So, my anime viewing these days falls into three general categories: sampling most of each new season, and sticking with a half dozen or so that hold my interest; re-watching old favorites with friends who have never seen them; and picking up shows that I missed in recent years, that either I didn't have time for when they released, or have been recommended to me since. Recently, two titles from that last category have been leaving me rather frustrated: Kimi to Boku and Sket Dance.
The cause of this vexation is that I can't decide whether I like these shows or not. That's a problem I've been having a lot with recent anime, but for different reasons. Most of the new fare in the past few seasons has been simply bland - either no plot ever manages to materialize, or the apparent goal changes too often to remain coherent; the characters display nothing to make me develop any specific attachments; the visuals and music are pretty and sparkly and beautiful but fail to cover up the lack of substance - in short, either all fluff, no fill, or a solid foundation that is never built upon.
Kimi to Boku had none of these failings. It was very clearly a school-life dramedy following a group of boys going about their daily life together and dealing (usually awkwardly) with anything or anyone who disturbed the routine. I've watched a decent amount of slice-of-life anime, and when done right, it can be one of my favorite genres, and I've really liked most of the J.C. Staff shows I've seen. For the most part, though, Kimi to Boku did not get things right. Most of the jokes fell flat. The characters were largely under-developed and fostered little more than indifference. The idea that just about every important event that shaped these high school juniors' lives happened in kindergarten, and they still remember so many of them so clearly, became unbelievable pretty quickly, and the constant flashbacks became a pretty annoying one-trick-pony. For the most part, the series just bored me, and it sometimes felt like a chore to finish. Then, just when I would be ready to drop it, something amazing would happen.
I don't often get what many anime fans refer to as 'the feels.' It takes a pretty special show to move me, get me thinking on a level both deep and emotional, really make me tingly all over. Usually, it happens during a brilliant scene in a well-done series that is good in all regards and goes on to become one of my favorites. In episode five of Kimi to Boku, I got the feels - not strongly, but solidly enough to keep me watching and start to view the series in a different light. A handful of episodes later, it happened again. Unfortunately, that was it. By the time the series came to a disappointing non-ending, it still hadn't realized its full potential anywhere beyond those few moments.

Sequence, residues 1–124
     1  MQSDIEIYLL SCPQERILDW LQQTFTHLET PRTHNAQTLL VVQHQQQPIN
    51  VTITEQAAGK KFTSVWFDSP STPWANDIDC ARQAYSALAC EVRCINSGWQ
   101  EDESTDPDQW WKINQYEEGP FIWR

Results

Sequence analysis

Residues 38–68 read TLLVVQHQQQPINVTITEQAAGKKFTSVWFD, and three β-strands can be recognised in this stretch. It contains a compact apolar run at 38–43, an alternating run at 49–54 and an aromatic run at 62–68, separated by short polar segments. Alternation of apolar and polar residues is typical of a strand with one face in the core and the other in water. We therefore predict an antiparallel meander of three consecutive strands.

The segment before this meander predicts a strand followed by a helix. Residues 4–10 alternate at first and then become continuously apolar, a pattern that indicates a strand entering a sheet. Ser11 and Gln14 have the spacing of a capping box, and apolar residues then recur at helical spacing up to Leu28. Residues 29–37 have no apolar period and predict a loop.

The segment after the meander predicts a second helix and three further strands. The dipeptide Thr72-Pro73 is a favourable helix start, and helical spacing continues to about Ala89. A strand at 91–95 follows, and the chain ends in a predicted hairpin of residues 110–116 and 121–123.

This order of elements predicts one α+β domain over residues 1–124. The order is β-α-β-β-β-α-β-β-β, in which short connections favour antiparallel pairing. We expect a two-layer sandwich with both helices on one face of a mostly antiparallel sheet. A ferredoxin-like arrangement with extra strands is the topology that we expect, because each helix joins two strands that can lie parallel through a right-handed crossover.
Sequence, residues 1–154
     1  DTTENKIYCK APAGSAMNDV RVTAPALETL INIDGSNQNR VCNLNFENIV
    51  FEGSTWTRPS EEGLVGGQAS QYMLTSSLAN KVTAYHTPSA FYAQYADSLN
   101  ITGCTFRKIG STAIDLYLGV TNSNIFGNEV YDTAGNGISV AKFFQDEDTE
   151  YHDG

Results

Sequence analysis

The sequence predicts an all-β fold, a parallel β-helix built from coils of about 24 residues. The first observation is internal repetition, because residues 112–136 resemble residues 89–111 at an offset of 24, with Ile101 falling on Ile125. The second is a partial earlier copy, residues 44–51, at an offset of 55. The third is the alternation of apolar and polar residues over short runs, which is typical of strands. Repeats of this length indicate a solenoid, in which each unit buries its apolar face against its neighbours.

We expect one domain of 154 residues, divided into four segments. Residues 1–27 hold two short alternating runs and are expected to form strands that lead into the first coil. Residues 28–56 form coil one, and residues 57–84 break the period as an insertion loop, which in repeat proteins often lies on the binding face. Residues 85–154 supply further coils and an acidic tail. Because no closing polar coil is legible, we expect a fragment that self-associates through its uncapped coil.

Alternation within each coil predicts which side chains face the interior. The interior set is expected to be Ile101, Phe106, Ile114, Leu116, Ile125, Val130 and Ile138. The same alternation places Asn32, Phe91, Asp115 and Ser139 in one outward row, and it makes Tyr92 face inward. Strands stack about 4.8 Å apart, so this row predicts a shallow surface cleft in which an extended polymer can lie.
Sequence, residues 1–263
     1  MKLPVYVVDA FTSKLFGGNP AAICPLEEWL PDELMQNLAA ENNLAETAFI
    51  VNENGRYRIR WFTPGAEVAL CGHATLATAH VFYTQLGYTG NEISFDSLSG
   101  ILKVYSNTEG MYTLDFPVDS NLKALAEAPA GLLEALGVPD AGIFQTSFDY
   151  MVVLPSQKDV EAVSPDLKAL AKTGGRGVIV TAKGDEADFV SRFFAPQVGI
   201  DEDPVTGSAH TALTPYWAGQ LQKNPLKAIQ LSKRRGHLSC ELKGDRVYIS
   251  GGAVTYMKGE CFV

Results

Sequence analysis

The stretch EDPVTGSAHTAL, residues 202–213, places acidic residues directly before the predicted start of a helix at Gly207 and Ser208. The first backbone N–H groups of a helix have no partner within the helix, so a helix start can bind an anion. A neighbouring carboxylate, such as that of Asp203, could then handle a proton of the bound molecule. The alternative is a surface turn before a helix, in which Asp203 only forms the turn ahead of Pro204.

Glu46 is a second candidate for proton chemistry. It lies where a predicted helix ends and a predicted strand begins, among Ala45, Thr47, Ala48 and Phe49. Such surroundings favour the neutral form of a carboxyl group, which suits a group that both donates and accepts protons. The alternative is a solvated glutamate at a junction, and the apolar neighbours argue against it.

Sket Dance is giving me a very similar vibe, twelve episodes in. After the first handful of episodes, the show was feeling like a pretty stereotypical club-based shonen anime. Nothing was wrong with it, but nothing was good enough to hold my interest, either. Then, it, too, stunned me into reconsidering. At least two episodes in a row left me with some serious 'feels,' and I very nearly cried at one minor character's catharsis. Immediately afterwards, however, the show took a large leap in the other direction, becoming even sillier than ever. I'm still watching, but the entertainment value is dropping in a hurry, and I don't know if it's worth continuing based on the hope that the flashes of brilliance will return - because that's all they've been: flashes.
Both of these series have been so frustrating because I can see what they're capable of, and they each manage to achieve it a few times, but so inconsistently that I don't know if it's worth it. Of the thousands of anime out there, I'm already spending most of my time searching for the series that are diamonds in the rough - I don't want to have to start doing the same amongst the individual episodes of each series. Should I have to suffer through hours of boredom for a few minutes of feeling so good? That sounds too much like real life, from which anime is supposed to be one of my means of escape.
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